“We have a non-traditional method of sales,” Bouchard said. “We can’t just sell our products. We have to educate people. We prove every time we do a workshop. People leave our workshop, and they’re hungry to buy our products.”
Rather than focus exclusively on Schluter products, the workshops educated the participants on tile installation best practices. Designed to be a mix of more theoretical classroom learning and a practical, hands-on approach to training, the workshops are engaging as well as informative. Now comprising two 2-day sessions, they have grown to include Schluter’s full line of tile installation products. In session one, master tile setters introduce participants to a wide range of Schluter products. They then discuss the importance of waterproofing beforehand and the principle of uncoupling during the application of the tile to the substrate.
Session two is advanced and builds on the theory and product knowledge acquired in session one. The goal is to challenge participants to tackle more complicated tile installation projects. Interior and exterior tile applications are discussed and participants construct whole tile projects to understand all aspects of an installation system. Schluter hosts more than 200 workshops each year in North America. In New York State alone, the company conducts on average 20 workshops per year.
“People who attend these workshops will not come out as master craftsmen, but it’s a way to get their head around the new products constantly being released,” said Roland Sherman, owner of Tile By Design in Peru, New York. “People need to touch and feel products to get an understanding of how they work.”
Roland and his wife, Laurie, have 33 years of combined tile project design and installation experience. They’ve built their North Country business working solely on challenging, one-of-a-kind and high-end tile installation projects. When Schluter was developing the advanced second-session workshop, they asked the couple to help lay out the course curriculum. By tapping into a select few local professional tile setters, the company learned how best to present products to participants with varying skill sets. The workshops, in Laurie’s view, also offer an opportunity for professionals to “catch up” on the latest industry trends.
“We’ve met a lot of great tile installers from all over the country,” she said. “It’s nice to get feedback from them on issues or problems that they’ve had with an installation and how they worked on a solution.”
While Schluter’s non-traditional offering of product education has helped to attract new customers, it is the firm’s very traditional approach to customer service that has been key to retaining them. Many companies today have chosen to cut costs by employing automated product support, but Schluter has maintained a personal touch. Customers inquiring about product installation can consult Schluter’s user friendly-website or vast video library or pick up the phone and talk to a human being. Representatives are trained to ask a series of questions designed to guide the customer in the right direction. More difficult tile installation queries are directed to knowledgeable technicians who, if need be, will visit the customers in the field. This approach to customer service is in the company’s best interest, according to Laurie Sherman.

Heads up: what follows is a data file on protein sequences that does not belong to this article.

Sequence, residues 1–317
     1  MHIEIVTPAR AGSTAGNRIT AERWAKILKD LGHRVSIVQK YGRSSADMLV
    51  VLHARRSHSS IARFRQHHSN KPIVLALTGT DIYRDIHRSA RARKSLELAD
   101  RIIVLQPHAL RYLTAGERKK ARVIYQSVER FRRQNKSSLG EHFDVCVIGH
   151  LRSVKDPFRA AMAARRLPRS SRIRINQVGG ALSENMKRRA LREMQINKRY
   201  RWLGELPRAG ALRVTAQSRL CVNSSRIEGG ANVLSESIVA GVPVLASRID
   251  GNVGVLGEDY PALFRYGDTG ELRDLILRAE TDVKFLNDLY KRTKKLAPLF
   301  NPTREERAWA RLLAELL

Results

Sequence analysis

“You can have the greatest product but, if it’s not installed right, there could be a failure that reflects on Schluter,” she said. “The biggest goal [for Schluter] is to get people to discuss problems so the installation is done once and done right.”
Defined by Innovation
The company’s philosophy toward quality customer service is paying off. Since the introduction of Ditra, Schluter has enjoyed a steady increase in its annual earnings. It has expanded its inventory, sales and technical support subsidiaries to more than 30 countries. Headquartered in Iserlohn, Germany, the company employs nearly 1,100 people worldwide and recently added Reno, Nevada as its third North American facility. The Plattsburgh facility has now expanded to 750,000 square feet of manufacturing and warehouse space where it produces Kerdi-Board and acts as the company’s North American distribution hub.
The success of Ditra and Kerdi, added Acker, largely had to do with Schluter simply bringing the right product to market at an optimal time. For thousands of years, master tile setters developed methods that solved challenging installations associated with solid stone structures. Times have changed. Such factors as the skill of the work force, the time contractors have to complete their projects and the use of modern construction materials played a significant role in the sales of these products.
“The products really addressed the big challenges of putting tile in today’s building environment,” Acker explained. “There’s nothing wrong with the older methods as far as performance. We are basically addressing the needs that are in the industry currently. The reality is that there’s hardly anybody around who knows how to do those old tile installation methods.”
The fact that Schluter has remained a privately owned company has also played a key role in the company’s ability to remain consistent with its mission statement. Since private companies don’t have to disclose financial information, they can focus on long-term growth instead of making sure shareholders are getting their quarterly dividends. Private companies don’t need shareholder approval for operational and growth-strategy decisions made by the company, as long as that is stated in their corporate documents.
“The nice thing about being a privately owned company is that you don’t have stock holders that expect dividends,” Acker said. “We’re not only innovative with our products — we are innovative in how the company is run. We can fully support our product line. We can fully support the people who are selling, installing or designing tile projects.
“We’re also innovative with the way we’ve come to the market with training. Schluter is willing to make the investment and reinvest into the company. It’s key to our success — it defines who we are.”
Michael J. Langlois is a freelance writer living in Peru, New York. To see more of his work, please visit northcountrywriter.com.
Photos courtesy of Schluter-Systems